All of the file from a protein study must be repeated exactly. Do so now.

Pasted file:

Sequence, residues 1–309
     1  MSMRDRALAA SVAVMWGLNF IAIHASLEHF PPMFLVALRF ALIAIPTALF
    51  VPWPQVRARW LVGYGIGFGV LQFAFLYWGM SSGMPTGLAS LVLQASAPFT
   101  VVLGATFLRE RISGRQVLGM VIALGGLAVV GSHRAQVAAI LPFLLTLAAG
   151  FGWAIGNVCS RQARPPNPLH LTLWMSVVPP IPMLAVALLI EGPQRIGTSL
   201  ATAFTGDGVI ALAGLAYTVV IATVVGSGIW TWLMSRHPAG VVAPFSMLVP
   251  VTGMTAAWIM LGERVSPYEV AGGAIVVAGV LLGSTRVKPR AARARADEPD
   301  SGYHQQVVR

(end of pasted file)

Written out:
Sequence, residues 1–309
     1  MSMRDRALAA SVAVMWGLNF IAIHASLEHF PPMFLVALRF ALIAIPTALF
    51  VPWPQVRARW LVGYGIGFGV LQFAFLYWGM SSGMPTGLAS LVLQASAPFT
   101  VVLGATFLRE RISGRQVLGM VIALGGLAVV GSHRAQVAAI LPFLLTLAAG
   151  FGWAIGNVCS RQARPPNPLH LTLWMSVVPP IPMLAVALLI EGPQRIGTSL
   201  ATAFTGDGVI ALAGLAYTVV IATVVGSGIW TWLMSRHPAG VVAPFSMLVP
   251  VTGMTAAWIM LGERVSPYEV AGGAIVVAGV LLGSTRVKPR AARARADEPD
   301  SGYHQQVVR